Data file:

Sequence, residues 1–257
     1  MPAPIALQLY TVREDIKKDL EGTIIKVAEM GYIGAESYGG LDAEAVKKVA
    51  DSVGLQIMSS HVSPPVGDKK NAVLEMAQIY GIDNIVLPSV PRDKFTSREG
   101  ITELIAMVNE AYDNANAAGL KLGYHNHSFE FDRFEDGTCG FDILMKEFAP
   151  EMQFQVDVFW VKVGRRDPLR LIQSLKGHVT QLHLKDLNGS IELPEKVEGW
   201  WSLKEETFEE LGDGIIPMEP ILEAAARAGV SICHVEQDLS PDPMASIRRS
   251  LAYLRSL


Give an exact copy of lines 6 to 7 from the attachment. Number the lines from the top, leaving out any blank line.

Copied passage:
   201  WSLKEETFEE LGDGIIPMEP ILEAAARAGV SICHVEQDLS PDPMASIRRS
   251  LAYLRSL